Scripture: Convicting, Convincing, Changing
Confluence October 23, 2017
One of our core values as a family of churches on a mission together is our confidence in the authority of God’s word and its importance to us as followers of Christ. This is expressed in our values statement that describes what a Newfrontiers church is like: “A church where regular teaching and preaching of the Bible holds a primary role and where Scripture’s authority if final.” But this is more than a statement about church doctrine. It expresses how we live as God’s people.
I [John Lanferman] was nineteen years old and in college when I personally discovered the power and life of the Bible. One day a compelling thought seemed to take over my mind while I was in prayer. I was overwhelmed with guilt, as I seemed to reflect on how selfish my life and prayers had been. Most of my praying seemed to be centered on petitions for God to assist me in some way. I opened the Bible and instantly my eyes fell on a scripture that seemed to me to be highlighted in bold print. “For we do not have a high priest who is unable to sympathize with our weaknesses, but one who in every respect has been tempted as we are, yet without sin. Let us then with confidence draw near to the throne of grace, that we may receive mercy and find grace to help in time of need.” (Hebrews 4:15,16) Those verses became alive and personally directed at me in my then present turmoil. I was liberated as instantly my guilt was lifted and praise filled my heart. I now know those thoughts of guilt were from Satan, my accuser. However, the word of God set me free. God’s word was penetrating and powerful, alive and giving life to me.
In the previous verse (Hebrews 4:12) the writer expresses the power of the word of God. “For the word of God is living and active, sharper than any two-edged sword, piercing to the division of soul and of spirit, of joints and of marrow, and discerning the thoughts and intentions of the heart.” I certainly found these words regarding the word of God true on that day and everyday since.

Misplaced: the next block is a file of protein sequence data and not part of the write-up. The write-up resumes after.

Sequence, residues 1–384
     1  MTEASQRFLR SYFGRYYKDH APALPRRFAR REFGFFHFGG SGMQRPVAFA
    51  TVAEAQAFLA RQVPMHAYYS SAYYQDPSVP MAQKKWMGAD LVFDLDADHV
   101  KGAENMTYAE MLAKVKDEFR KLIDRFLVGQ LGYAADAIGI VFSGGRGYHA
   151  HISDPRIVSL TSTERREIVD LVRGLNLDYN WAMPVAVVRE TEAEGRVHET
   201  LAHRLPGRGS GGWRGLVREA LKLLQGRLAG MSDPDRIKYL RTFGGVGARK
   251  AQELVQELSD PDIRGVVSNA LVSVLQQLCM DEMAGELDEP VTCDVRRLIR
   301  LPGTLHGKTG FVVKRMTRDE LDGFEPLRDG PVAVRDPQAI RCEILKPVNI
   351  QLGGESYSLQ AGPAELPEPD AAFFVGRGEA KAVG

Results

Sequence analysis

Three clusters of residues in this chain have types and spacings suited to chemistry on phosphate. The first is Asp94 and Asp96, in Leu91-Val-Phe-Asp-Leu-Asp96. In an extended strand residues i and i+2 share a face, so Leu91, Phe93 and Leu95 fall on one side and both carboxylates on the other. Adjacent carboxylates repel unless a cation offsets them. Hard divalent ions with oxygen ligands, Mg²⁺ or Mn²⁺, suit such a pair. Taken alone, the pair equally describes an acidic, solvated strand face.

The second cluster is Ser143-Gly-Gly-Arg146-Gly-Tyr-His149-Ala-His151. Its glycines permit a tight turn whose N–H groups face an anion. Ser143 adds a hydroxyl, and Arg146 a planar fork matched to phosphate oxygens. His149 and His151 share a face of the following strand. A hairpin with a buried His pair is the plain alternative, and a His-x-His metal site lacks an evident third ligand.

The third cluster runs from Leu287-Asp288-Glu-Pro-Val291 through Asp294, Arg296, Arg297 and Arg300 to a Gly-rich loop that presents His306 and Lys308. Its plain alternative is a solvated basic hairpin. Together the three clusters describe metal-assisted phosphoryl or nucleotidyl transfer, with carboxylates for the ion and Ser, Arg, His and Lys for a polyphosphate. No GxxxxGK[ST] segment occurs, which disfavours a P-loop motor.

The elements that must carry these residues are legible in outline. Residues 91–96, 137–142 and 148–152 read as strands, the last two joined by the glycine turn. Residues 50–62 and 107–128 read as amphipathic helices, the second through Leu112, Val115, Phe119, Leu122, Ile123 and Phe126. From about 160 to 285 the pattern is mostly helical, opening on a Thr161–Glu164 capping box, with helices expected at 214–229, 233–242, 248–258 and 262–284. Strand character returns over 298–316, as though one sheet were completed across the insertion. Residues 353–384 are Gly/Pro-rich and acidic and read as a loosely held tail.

The word of God is not like reading any other book, for it is “living” and relevant to each culture, person and situation. It is God-breathed.
The word of God is not only living but also “powerful” in that it can transform us. On that day, at age nineteen, I discovered that God’s word could reach out and touch me at the point of my need and bring transformation and renewal to my mind. The word of God is so powerful that Isaiah says God’s word shall not return to Him empty, but will accomplish His purposes and succeeds in the thing for which He sent it. (Isaiah 55:11)
The word of God “pierces” with such sharpness that it pierces to the point of “division of soul and spirit, and of joints and marrow, thoughts and intentions of the heart.” (Heb. 4:12) The word of God opens up our inner life with sharp, objective truth. It exposes our inner selves and obliterates inner deception. The word of God reaches the deepest part of who we are. Many people can testify of the word of God’s penetrating power in that even in their most hardened condition it has pierced them convicting, converting, and changing them in an instant.
The word of God is a “discerner” of our thoughts and motivations. The word comes with such power that our hearts are exposed. With our hearts exposed and our need so apparent, we also encounter His mercy and grace to help in time of need. That was my testimony as a nineteen-year-old college student. Being filled with the shame of my own selfishness I discovered, through the word of God, a high priest in Jesus who understood my weakness and invited me to His throne of grace to receive his mercy. In that moment I encountered the transforming power of the word of God and I found comfort in His word: “This is my comfort in my affliction, that your promise gives life.” (Ps. 119:50)
DL Moody said, “The scriptures were not given for our information but our transformation.” I urge you to daily discover the life-giving, powerful, penetrating and transforming power of the word of God.
Source: Confluence Blog (Newfrontiers USA)